Patrick McDonell, the sergeant-at-arms in charge of House of Commons security, wrote to MPs on Thursday warning of reports some demonstrators were seeking out home addresses for MPs in the Ottawa area. He said if their homes or constituency offices are targeted they should not engage, close and lock all exterior doors and get somewhere safe.
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Ottawa police warned Thursday they won’t tolerate criminal behaviour.
“Police and our partners are focused on providing a safe environment for the community and demonstrators,” the Ottawa Police Service said in a statement.
“We are aware of inappropriate and threatening language on social media related to this event. We welcome peaceful demonstrations. That said, public safety is paramount — there will be consequences for persons engaging in criminal conduct, violence and/or activities promoting hate.”
Several high-value donors to the convoy fundraiser reached by the Star, meanwhile, made it clear they donated to promote “freedom” and protest the mandates.
Len Sedge, a Chatham retiree who donated $15,000 to the campaign wrote in a Facebook message to the Star: “My freedom is worth a lot more than that.” (He declined to speak on the phone to the Star because he said he does not trust the media.)
Zach Arnusch from Vanderhoof, B.C., told the Star he would have liked to go with the convoy, but work and family responsibilities kept him at home, so he donated $2,500 instead.
“My understanding of it was initially the main purpose was to end the mandates for truckers crossing the border,” he said. “And then they swung it to end mandates for everyone. I don’t agree with the mandates and all this.”
Still, a full picture of the movement’s funding is not yet clear. GoFundMe on Thursday declined to share a full list of all donations that had been made, including how many of them were anonymous. An analysis of 1,000 recent donations accessed through the GoFundMe page publicly Thursday showed about a third of the donations were made anonymously.
Further donations have been made under pseudonyms, with one person or entity having donated $15,100 under the name of U of T epidemiologist David Fisman, who posted on Twitter that it did not come from him, and another high-value donation appearing under the name “Sophie Gregoire,” the name of Justin Trudeau’s wife.
The convoy started with a viral TikToker, and a coalition of freedom-oriented right-wing activists, including United We Roll proponents, jumping on his cause.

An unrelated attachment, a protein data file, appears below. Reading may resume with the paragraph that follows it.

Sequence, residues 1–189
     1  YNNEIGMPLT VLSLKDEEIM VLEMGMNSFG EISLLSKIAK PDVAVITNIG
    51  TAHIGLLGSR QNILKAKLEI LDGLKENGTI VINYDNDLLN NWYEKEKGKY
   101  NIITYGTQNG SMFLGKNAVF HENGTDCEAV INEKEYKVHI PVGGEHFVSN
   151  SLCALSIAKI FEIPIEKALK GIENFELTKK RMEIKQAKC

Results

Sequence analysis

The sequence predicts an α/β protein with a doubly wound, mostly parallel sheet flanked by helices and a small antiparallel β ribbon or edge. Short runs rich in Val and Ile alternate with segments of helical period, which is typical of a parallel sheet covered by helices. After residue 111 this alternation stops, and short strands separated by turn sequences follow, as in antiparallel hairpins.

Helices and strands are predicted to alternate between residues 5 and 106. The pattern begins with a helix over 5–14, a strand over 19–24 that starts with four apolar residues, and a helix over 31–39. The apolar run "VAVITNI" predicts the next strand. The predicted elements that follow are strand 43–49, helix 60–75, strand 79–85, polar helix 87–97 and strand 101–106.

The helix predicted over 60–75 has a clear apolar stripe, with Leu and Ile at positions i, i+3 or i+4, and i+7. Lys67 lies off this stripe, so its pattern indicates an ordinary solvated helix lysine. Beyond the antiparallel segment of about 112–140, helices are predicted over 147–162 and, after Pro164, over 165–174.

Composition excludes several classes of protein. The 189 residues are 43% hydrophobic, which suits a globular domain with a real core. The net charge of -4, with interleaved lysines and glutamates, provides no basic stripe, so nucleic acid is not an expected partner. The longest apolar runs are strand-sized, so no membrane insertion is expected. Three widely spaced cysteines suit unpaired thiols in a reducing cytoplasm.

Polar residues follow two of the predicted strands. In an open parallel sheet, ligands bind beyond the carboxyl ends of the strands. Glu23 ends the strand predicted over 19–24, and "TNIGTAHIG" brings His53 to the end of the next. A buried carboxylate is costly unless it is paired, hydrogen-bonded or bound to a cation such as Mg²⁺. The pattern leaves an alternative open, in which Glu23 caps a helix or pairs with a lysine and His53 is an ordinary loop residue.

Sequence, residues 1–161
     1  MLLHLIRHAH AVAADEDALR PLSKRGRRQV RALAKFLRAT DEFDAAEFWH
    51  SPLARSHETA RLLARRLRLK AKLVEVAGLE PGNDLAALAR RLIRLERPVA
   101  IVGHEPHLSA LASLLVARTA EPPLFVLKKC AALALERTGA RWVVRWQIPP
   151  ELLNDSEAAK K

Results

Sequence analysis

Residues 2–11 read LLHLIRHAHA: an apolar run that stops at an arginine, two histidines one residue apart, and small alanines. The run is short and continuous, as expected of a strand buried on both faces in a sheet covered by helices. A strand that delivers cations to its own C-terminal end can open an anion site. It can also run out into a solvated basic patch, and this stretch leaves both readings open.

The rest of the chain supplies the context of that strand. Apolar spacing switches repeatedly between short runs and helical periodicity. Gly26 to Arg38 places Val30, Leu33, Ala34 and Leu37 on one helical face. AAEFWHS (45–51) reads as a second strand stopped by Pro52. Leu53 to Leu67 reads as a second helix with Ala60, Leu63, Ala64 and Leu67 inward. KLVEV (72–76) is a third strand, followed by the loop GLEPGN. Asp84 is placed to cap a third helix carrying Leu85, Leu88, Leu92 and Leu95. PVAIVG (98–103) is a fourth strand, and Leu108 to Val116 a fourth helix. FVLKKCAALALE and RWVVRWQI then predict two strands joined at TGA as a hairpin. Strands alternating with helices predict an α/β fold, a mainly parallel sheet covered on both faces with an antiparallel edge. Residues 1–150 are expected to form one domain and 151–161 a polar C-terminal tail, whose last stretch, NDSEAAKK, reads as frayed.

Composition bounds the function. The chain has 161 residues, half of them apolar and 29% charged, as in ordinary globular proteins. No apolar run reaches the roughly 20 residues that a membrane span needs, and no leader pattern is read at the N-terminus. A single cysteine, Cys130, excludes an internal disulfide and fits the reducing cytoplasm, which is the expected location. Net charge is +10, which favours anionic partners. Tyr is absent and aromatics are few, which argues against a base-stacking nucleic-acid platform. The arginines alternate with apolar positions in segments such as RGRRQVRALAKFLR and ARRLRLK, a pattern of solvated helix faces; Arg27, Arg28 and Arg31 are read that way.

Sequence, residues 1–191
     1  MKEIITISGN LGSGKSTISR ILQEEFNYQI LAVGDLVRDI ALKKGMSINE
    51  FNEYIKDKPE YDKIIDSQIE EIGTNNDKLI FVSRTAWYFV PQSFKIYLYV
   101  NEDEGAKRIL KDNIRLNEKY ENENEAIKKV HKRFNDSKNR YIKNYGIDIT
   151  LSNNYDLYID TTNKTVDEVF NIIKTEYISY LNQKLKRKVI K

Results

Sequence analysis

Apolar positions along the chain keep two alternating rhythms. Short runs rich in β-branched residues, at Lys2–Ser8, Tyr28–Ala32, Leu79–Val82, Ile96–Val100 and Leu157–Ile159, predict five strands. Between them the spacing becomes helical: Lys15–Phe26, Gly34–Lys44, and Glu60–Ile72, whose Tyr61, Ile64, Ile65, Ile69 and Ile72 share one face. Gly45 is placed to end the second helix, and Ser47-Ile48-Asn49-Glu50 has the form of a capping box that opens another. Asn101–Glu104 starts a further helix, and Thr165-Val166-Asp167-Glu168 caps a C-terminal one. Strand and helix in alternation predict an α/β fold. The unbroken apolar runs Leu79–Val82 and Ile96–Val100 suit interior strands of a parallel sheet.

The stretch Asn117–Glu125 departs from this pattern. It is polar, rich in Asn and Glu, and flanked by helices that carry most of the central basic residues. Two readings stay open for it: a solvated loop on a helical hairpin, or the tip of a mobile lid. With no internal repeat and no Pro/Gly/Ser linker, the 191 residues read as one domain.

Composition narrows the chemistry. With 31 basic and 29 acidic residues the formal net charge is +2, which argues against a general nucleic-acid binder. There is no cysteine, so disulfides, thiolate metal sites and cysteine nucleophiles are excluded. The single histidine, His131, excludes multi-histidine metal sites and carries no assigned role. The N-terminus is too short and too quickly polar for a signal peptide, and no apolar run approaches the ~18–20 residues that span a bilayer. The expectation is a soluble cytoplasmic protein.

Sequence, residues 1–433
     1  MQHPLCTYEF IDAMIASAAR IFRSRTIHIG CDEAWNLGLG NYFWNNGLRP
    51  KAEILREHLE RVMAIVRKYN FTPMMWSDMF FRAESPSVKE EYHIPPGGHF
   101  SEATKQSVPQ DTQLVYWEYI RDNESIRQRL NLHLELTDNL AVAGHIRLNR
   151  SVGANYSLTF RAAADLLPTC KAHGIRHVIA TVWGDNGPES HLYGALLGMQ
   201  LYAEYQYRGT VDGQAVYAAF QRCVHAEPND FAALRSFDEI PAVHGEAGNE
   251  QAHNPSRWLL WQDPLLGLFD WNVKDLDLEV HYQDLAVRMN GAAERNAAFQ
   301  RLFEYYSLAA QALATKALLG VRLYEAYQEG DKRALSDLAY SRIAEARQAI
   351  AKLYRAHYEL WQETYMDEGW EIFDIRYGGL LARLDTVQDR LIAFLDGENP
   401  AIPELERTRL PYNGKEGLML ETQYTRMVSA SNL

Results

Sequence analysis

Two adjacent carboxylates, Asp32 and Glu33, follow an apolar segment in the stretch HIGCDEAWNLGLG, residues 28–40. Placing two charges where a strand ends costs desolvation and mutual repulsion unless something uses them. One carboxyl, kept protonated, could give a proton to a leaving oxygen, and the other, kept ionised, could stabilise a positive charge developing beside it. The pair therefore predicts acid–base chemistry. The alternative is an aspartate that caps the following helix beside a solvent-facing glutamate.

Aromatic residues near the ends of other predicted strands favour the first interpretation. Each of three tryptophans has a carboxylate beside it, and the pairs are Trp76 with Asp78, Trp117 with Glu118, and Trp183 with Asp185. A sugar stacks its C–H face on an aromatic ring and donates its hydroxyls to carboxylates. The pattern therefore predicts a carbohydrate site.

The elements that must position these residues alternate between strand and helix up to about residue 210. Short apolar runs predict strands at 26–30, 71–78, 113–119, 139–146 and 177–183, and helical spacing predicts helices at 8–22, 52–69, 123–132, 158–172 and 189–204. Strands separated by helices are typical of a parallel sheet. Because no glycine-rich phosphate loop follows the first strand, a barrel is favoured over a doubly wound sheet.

Trucker Chris Barber, of Swift Current, Sask., posted a video on TikTok about an Ontario trucker about to lose her job because of the mandate. That was seen by Tamara Lich, an Alberta woman who works as the secretary for the western separatist Maverick Party.
Lich told right-wing interviewer Marc Patrone that she saw the videos, and was able to connect with both Barber and some of the pro-pipeline activists who worked on the 2019 United We Roll campaign.
Together, they all started social media pages and a fundraiser.
The United We Roll organizers took the lead on organizing schedules and locations for the convoy, informed by the 2019 effort.
Lich set up the GoFundMe, which started with $30,000 in donations on Jan. 15, and, as of Thursday afternoon, had raised more than $6.3 million from more than 80,000 sources.
Barber has been adamant that the effort is not against vaccines — but against vaccine mandates — and told the Star on Monday that he refuses to speak with certain media outlets that claim the convoy is anti-vaccine.
“It’s just the truckers that started this,” he said. “Canadians have just joined with us.”
Political support for the convoy, meanwhile, has come from conservatives in this country who have said they are concerned about supply chain issues due to the vaccine mandates in place for truckers.
Conservative party leader Erin O’Toole has pledged to meet with the protesters and Alberta Premier Jason Kenney said Thursday that “everybody has the right for democratic and peaceful protest in our country.”
“I do hope that those organizing the convoy do everything they can to make sure that it’s safe,” said Kenney. “I hope that they disassociate themselves with anybody in the convoy who might have extreme or hateful views.”
With files from The Canadian Press
Kieran Leavitt is an Edmonton-based political reporter for the Toronto Star. Follow him on Twitter: @kieranleavitt